Anthony Bourdain's plan to bring hawker food to New York City won't be so much a mega food court but a United Nations of food with the co-operation of different countries keen to showcase their culture through food, says the TV celebrity's business partner who was in Singapore this week.
Speaking on the sidelines of the World Street Food Congress where he also delivered a speech about the project, Stephen Werther reveals that when Bourdain Market opens in Manhattan, New York, in early 2016, it will comprise 100,000 sq ft of space hosting some 100 street food vendors from around the world, cooking authentic cuisine from countries as diverse as Singapore and Bolivia.
Playing a pivotal role in curating the 100 stalls is KF Seetoh, founder of Makansutra who also first introduced Mr Bourdain - the brash author of Kitchen Confidential and host of TV food shows No Reservations and Parts Unknown - to Singapore hawker food during his visits to the city. In fact, the idea for Bourdain Market came about after he fell in love with the hawker centres here and announced his plan for the mega food centre as far back as early 2014.
Now that they have done most of the groundwork involving the financing, conceptualising and the actual location of the market - which Mr Werther says will be revealed in a few weeks' time - the next step is to identify the vendors who will take part in the market.
For that, Mr Seetoh will be plugging into his and Mr Bourdain's extensive international network to identify the right individuals, he says. "It will be a big, friendly, in-your-face experience where nothing is diluted and people will be able to watch these artisans cooking just like they do at home." He's even hoping to create social enterprises to help displaced people from developing countries, "to support them through this market".
"The idea about authenticity means different things to different people," says Mr Werther. "It means one thing to Bourdain - that someone from Singapore comes and has the chicken rice and says, 'That's the real thing - that's what I would get at home'. This will be a tour of the world, a view of different cultures through the food that everybody eats. It's not elitist, it's a democratic egalitarian experience where it's affordable, delicious, historical and real."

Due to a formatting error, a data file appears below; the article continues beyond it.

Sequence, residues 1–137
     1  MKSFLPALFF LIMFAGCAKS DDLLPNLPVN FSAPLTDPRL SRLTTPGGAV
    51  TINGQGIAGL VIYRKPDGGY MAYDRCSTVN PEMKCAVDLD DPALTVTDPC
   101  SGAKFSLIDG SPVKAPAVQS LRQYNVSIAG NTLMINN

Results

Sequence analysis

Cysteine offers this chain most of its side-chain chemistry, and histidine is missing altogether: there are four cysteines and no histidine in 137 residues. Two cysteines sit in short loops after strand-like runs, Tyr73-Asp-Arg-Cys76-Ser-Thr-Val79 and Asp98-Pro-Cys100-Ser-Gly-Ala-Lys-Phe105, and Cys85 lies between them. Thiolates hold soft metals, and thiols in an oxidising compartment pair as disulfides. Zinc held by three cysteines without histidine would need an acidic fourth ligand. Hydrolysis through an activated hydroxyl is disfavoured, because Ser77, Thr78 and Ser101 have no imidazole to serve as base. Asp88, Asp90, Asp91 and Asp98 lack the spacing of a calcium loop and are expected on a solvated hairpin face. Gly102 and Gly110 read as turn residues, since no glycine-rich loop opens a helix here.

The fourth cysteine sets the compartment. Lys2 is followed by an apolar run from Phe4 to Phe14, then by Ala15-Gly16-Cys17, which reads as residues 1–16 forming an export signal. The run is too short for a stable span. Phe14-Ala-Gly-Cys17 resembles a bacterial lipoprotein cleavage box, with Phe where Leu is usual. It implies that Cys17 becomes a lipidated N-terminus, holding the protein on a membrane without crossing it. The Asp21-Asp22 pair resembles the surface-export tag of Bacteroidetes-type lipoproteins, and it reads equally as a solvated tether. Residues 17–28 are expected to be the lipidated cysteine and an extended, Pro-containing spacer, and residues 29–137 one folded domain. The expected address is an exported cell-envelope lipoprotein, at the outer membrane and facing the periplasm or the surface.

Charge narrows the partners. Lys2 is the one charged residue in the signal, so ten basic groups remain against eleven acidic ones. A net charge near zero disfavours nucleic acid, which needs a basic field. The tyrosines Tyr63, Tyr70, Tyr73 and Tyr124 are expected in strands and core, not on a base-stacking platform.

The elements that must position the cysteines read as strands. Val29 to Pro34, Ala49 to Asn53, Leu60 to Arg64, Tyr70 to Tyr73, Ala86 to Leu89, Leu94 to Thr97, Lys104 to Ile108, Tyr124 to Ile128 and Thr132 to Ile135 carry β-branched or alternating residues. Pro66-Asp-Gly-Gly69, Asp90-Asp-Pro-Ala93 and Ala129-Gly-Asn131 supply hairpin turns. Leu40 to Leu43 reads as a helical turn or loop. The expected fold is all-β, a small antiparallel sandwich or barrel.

The logistical challenge of pulling so many different people from so many countries together is a challenge that is not lost on them. "It's going to take a tremendous amount of heavy lifting to create the stage for all these different people to come in and do this.
"Some will do it for a short period of time, some will do it permanently, some will relocate to New York, some will come and train and leave.
"We will provide the support and infrastructure for all the different ways that someone can be involved in the market. We will work directly with individuals, the cities or countries through the tourism boards."
The project's unprecedented size and ambition does not come cheap, and Mr Werther estimates the cost to be in the tens of millions, and certainly more than US$20 or US$30 million. But financing it has not been an issue as "there were more people willing to finance it than we need," says Mr Werther. They have already hired top New York designers Roman & Williams to design the space.
With such a big investment, they are not relying just on the vendors to bring in revenue for the project. There will be a farmer's market, a butchery, rooftop beer garden, oyster bar and tapas bar. "We will also have something we call internally as a 'Global Spotlight'," says Mr Werther. "It will change four times a year and focus on a city or country that Bourdain has featured in one of his shows. So it could be Spain (Barcelona) or Japan (Tokyo) and we will work with the tourism boards to create a complete experience of the place. Not just prepared food or packaged food but serving ware, cookware, cookbooks, cooking demos, everything to promote the area."
Mr Werther recalls how Mr Bourdain did a show in China and was invited to "a fancy wine cellar with billionaire businessmen". One of them told Mr Bourdain that he was like a UN ambassador of food. "Which is an honour and priviledge for him, and a great responsibility for me."
That's why Mr Bourdain wants the market "to be game changing - for the way Americans and New Yorkers eat," adds Mr Werther. "He's very careful about not selling out his brand. This market needs to be something that has a soul and purpose. It has to have a value for the city of New York and the people who visit it, not just a way to make money. He wants it to be his legacy."
This article was first published on April 10, 2015.
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